About Gifu University

My goal is to clarify the close connections of humans to animals and the natural world through research into hunting cultures.

The hunter-gatherer Kaskas and animals are connected physically and spiritually.

The hunted moose is butchered on the spot.
A single knife is used to skin the animal, and the edible
parts are cut away. The wind pipe hanging from the branch
is a sign of gratitude to the moose.

My specialty is cultural anthropology, and in particular I do research in ecological anthropology, a discipline that seeks to elucidate the relationship between nature and humans. I originally wanted to research animals, which led me to major in biology as a student. I studied the biology of Japanese hare, but biology is a discipline that seeks to discover universal knowledge. The aspects of animal behavior that cannot be understood by converting them to numbers and quantifying them are cut away. However, as I was doing field surveys I began to realize that humans are involved in the lives of hare. For farmers, for example, hare are bad creatures that eat crops, but for hunters they are important game. I wanted to know more about those kinds of aspects. My desire to shed light on the relationships between humans and animals became stronger, and I switched to cultural anthropology from my Master's program.

Based on my belief that the primordial relationship between humans and animals is one of the "hunter and the game," for my field research I chose North America, where hunting and gathering traditions still remain. That said, information is not available in Japan, so I gathered at Canadian universities. I located a hunter-gatherer people that make active use of wild animals, and I spent about a year getting permission to do surveys from the Canadian government and the autonomous aboriginal government. And since nine years ago I have been travelling to and doing fieldwork in a village of the indigenous Kaska people, who live in inland areas in Northern Canada.

The elder carries a beaver that has been caught in a

At the village I became an apprentice to an elder, and sometimes spent more than a month at a time traveling through forests learning how to hunt, butcher, utilize hunted animals, make tools, etc. and studying the relationship of the Kaskas with animals. The elder would sometimes say that the reason many moose, the most valuable game, appear in "a certain place" is that there is much grass that the moose eat that grows there, and sometimes that a shaman uttered a spell there a long time ago. For the Kaskas, there is no barrier between ecological knowledge and supernatural knowledge: both are valuable. Underlying this view is the reality that if they could not kill game, they would starve, and so there is the belief that they are physically and spiritually tied to the animals. Almost no part of the animal killed goes to waste―the meat, hide, and bones are used―the wind pipe alone, however, is hung from a tree branch.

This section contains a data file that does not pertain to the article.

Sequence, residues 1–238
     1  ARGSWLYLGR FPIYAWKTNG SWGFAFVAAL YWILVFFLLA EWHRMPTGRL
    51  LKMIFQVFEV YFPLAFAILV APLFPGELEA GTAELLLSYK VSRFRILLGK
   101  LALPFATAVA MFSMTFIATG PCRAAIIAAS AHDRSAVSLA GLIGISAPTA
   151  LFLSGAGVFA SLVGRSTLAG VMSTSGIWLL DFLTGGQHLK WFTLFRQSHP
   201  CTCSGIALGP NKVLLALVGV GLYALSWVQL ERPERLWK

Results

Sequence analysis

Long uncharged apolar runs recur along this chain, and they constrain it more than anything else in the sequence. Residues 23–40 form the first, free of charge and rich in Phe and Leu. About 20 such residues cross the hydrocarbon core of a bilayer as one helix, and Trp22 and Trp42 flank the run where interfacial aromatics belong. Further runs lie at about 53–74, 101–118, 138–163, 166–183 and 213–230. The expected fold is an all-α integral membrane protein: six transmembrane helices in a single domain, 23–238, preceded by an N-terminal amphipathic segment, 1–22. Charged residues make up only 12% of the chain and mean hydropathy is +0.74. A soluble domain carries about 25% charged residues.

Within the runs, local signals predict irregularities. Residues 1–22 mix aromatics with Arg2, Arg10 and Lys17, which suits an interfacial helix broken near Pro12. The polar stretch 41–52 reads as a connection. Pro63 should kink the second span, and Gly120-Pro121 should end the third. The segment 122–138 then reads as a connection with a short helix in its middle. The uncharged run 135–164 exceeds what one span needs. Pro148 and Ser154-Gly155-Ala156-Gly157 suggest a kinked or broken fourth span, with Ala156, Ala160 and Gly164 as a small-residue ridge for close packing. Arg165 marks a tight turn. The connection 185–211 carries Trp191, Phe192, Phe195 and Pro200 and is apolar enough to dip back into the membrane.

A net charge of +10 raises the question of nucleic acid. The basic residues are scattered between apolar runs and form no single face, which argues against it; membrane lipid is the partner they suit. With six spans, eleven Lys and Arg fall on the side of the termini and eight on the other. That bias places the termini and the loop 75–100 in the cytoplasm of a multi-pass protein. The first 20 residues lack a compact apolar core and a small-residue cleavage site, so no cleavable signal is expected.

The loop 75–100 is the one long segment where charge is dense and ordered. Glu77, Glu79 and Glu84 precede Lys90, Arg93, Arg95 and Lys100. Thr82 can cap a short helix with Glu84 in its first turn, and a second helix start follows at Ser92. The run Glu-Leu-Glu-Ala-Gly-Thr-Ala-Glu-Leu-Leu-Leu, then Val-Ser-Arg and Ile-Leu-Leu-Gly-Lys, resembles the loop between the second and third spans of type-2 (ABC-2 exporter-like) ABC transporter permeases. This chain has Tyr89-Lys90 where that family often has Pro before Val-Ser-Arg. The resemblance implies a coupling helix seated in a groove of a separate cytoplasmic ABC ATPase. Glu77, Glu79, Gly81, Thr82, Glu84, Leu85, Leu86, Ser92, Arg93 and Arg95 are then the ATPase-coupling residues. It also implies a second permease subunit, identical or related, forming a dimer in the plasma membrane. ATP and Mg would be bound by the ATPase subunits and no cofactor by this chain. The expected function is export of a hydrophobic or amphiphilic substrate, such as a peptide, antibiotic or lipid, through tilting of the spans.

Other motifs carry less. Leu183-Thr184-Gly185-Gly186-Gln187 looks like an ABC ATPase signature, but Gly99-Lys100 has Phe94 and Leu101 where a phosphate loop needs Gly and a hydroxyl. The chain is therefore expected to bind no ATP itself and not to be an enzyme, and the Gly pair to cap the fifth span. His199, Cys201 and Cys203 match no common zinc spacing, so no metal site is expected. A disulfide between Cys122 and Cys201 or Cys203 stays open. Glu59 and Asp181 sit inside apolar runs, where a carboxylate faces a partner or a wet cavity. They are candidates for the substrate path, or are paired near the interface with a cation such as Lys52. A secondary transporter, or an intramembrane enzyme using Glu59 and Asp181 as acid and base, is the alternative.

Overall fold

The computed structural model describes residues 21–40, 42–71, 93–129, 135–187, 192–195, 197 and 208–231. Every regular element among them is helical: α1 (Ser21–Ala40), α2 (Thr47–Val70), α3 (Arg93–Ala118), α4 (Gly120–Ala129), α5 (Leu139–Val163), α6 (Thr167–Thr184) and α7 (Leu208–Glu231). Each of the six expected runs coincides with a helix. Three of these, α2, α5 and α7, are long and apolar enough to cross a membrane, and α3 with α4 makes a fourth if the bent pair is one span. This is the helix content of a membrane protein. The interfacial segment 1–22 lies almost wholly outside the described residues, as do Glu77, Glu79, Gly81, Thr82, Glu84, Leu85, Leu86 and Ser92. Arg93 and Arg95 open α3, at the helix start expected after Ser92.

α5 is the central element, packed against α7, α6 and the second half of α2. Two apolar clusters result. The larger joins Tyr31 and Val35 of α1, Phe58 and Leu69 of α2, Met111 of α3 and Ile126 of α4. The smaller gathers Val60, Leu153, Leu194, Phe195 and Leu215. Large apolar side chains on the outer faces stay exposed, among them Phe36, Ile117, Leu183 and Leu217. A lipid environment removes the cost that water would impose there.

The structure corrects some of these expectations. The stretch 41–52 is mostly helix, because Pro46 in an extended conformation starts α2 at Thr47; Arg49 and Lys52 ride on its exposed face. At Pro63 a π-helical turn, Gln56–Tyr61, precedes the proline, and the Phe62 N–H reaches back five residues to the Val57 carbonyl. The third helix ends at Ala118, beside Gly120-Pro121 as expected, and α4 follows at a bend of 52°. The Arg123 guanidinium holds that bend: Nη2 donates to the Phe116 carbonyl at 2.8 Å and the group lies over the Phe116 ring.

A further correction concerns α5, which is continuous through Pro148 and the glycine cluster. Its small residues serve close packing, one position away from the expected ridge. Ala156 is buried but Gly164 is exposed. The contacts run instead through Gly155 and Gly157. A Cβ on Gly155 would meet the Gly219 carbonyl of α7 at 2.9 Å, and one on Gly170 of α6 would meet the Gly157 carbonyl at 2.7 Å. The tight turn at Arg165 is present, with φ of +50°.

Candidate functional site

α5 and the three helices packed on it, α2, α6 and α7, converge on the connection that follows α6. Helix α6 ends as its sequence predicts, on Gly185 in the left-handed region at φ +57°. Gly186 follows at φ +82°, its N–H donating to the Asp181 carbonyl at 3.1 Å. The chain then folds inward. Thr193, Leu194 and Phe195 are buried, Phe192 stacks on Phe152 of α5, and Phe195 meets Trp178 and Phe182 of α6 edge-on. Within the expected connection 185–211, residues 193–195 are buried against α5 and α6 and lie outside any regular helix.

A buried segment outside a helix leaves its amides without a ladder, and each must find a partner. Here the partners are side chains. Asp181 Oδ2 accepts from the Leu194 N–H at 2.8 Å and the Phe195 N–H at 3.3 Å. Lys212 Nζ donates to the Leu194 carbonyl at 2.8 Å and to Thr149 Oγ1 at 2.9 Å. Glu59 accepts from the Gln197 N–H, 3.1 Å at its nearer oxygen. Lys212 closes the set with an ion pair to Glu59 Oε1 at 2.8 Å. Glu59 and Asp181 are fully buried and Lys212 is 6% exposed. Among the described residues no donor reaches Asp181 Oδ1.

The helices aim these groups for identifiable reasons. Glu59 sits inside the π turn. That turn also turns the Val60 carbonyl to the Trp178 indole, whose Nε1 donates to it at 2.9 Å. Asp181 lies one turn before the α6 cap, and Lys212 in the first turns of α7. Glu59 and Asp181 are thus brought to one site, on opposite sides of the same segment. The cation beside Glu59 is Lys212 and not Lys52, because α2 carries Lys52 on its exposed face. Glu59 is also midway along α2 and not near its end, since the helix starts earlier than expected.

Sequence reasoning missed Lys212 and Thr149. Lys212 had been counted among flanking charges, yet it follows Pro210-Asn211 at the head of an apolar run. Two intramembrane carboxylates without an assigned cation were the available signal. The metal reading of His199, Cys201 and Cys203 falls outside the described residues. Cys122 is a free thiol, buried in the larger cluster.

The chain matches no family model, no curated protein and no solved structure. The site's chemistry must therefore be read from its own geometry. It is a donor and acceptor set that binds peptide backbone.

How to set a hare trap, as written in a field notebook.
The trap is designed so that the hare is yanked up when
caught in it so that it is not snatched by foxes or
other animals.

It is believed that the soul remains in the wind pipe , and when wind blows through it the body is regenerated. They believe that if the animal is thanked and the wind pipe is left in the forest, the animal will let itself be hunted again. They have developed these beliefs in the context of their relationship with animals.

The Kaska people speak of themselves using the phrase "part of the land." When they butcher animals in hunting grounds, they see in their stomachs the tree leaves that the animals like. Trees grow on the vast land of the forests as they absorb water from it. Because of this, they are instantly capable of understanding that the trees of the forest, the land, and water make up the bodies of the animals.

Through hunting experiences in the seminar, I want to think about modes of interacting with nature and animals in the community.

In Japan, the ties between people and animals are so hard to see that people don't seem to realize that eating meat means killing an animal. In my seminar, I plan to implement a practical component consisting of hunting, based in Ibigawa town. In rural areas such as Ibigawa town, the problem of damage caused by animals has lead people to have increasingly negative feelings towards them. Through hunting, I want students not merely to kill animals, but to think about how the game can best be used as resources and about ways of interacting with nature in the community. As a person who has studied the hunting culture of the Kaskas, I think this is a field in which I can put what I know to good use.

Mittens made from moose leather and hare fur,
slippers made from beaver fur, and a knife
case fashioned out of a Dall sheep's foot.

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